In The Gravity of Daisy Gray, Daisy loves her honeybees. What do you say to people who don’t like bees?
Bee stings hurt, so I understand why someone might be nervous around them. But I’d ask them to please give honeybees a chance. Look for beekeeping classes in your area. When you put on a protective suit and view them up close, you see what amazing creatures they are. Plus, we need them—one third of our food comes from pollinated plants.
Check out these other cool honeybee facts:
- Honeybees never sleep!
- For every pound of honey, bees flew 55,000 miles and visited 2 million flowers.
- Honeybees can recognize human faces.
- Honeybees dance to tell each other where the best flowers are.
- Honeybees have 2 stomachs, 5 eyes, and a brain the size of a sesame seed.
- Honey is antibacterial, it never spoils, and it’s the only food that contains everything a person needs to survive.
Where do you write?
The best part about writing in a closet under the stairs is the connection it gives me to Harry Potter. The worst part is having nowhere to hang jackets. It’s a humble space, but it’s quiet, which is really all you need. Stephen King once wrote a novel in his laundry room, so there’s proof it can be done.
Ezra is my writing buddy—see him back there? He’s lying on an orthopedic Kuranda bed, nibbling chicken strips from a rubber Starmark pickle. Ezra is king. His gate stays open unless the nefarious vacuum cleaner comes out.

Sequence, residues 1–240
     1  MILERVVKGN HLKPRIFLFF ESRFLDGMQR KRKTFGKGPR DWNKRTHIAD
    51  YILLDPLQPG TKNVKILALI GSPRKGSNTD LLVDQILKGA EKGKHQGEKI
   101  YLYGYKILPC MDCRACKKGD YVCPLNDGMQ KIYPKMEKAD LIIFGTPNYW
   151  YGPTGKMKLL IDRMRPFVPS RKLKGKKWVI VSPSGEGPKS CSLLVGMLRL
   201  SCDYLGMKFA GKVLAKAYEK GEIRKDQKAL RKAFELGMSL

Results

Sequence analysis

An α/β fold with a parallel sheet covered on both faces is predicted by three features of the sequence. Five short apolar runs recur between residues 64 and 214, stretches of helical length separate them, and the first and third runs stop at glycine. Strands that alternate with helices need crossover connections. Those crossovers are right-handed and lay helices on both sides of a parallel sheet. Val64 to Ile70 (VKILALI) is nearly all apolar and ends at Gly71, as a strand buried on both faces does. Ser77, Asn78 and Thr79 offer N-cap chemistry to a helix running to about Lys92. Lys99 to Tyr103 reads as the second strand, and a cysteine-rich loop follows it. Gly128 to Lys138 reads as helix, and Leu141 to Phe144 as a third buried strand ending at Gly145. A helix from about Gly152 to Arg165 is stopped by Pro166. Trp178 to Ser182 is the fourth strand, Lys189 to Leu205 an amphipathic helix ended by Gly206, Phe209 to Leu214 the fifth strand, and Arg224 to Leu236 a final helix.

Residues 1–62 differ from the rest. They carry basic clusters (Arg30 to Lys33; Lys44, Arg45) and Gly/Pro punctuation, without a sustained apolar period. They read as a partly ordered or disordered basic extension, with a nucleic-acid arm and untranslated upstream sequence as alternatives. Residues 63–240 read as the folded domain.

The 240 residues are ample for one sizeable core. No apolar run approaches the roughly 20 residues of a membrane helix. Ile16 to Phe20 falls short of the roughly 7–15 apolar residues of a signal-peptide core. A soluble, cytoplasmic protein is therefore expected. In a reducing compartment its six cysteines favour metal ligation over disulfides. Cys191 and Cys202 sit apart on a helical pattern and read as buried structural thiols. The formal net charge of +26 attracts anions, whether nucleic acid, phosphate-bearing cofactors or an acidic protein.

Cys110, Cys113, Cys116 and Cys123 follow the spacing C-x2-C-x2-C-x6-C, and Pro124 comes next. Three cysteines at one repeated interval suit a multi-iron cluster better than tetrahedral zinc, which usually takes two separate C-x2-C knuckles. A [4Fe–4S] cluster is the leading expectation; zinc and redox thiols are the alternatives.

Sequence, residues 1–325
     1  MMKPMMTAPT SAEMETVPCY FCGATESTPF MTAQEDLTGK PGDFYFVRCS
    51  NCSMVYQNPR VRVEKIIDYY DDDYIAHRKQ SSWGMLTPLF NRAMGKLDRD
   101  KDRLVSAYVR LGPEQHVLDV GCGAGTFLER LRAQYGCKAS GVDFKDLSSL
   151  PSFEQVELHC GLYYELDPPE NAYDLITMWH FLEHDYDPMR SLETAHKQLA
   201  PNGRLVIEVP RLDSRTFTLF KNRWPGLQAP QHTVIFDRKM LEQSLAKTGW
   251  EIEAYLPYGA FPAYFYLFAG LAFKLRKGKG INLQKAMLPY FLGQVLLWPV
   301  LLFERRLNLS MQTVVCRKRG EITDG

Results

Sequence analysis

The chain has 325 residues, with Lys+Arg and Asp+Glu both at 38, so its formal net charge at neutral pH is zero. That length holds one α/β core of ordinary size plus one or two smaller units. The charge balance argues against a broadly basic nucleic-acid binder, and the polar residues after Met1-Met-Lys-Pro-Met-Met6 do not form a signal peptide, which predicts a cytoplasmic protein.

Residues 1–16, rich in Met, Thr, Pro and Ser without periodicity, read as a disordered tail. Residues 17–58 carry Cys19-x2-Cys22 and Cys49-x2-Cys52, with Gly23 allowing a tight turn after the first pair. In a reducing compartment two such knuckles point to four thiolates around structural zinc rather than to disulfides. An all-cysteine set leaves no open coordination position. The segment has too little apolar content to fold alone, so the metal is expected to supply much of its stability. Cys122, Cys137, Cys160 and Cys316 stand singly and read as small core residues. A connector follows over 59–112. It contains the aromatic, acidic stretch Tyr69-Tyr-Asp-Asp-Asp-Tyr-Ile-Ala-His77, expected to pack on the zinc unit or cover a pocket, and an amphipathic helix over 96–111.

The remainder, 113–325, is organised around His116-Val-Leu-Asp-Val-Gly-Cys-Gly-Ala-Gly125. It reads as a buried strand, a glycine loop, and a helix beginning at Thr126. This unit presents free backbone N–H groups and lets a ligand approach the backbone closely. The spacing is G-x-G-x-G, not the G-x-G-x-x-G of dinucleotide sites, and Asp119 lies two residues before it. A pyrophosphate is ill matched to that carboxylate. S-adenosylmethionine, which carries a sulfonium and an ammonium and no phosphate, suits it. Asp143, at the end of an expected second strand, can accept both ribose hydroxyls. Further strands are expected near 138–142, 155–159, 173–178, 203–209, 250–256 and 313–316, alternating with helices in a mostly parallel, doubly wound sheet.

My favorite things in my writing space are the paintings and sculptures my children have made. Above my computer are inspirational notes from them and from my favorite author, Doug Coupland, who wrote, “Keep up your work.”
The banner over my entire work space is my story outline, a five-foot sheet of laminated card stock shingled with Post-its. I sit in that chair every day for about four hours. Some days I get 100 words, some days I get 2,000, and I rarely know when I sit down which kind of day I’m going to get. But I keep up my work and I hope, if you have something you love to do as much as I love to write, that you’ll keep up your work, too.
What are some of your favorite middle-grade novels?
It’s so hard to choose! Here are just a few:
How do you pronounce your last name?
My married name is pronounced Zel-OM-kee. In the 1870s, the Zlomke family left Prussia (now Germany and Poland) to settle on farms in Nebraska. Five generations later, some of their descendants still work the same land.
Who is the audience for The Gravity of Daisy Gray?
Children who enjoy this story the most are between ages 9 and 12. They are drawn to mysterious adventures that focus on friendship, fun, and science, with a touch of fantasy.
The Flesch Reading Ease score for this novel is 84.1. This high score means it is in conversational English, which is right on target for middle-grade readers. (As a comparison, the score for the first Harry Potter book is 81.3.)
The Flesch-Kincaid Grade Level score for this novel is 4.1. This means children in the beginning of 4th grade and higher will find it easy to understand. (As a comparison, the score for the first Harry Potter book is 5.5.)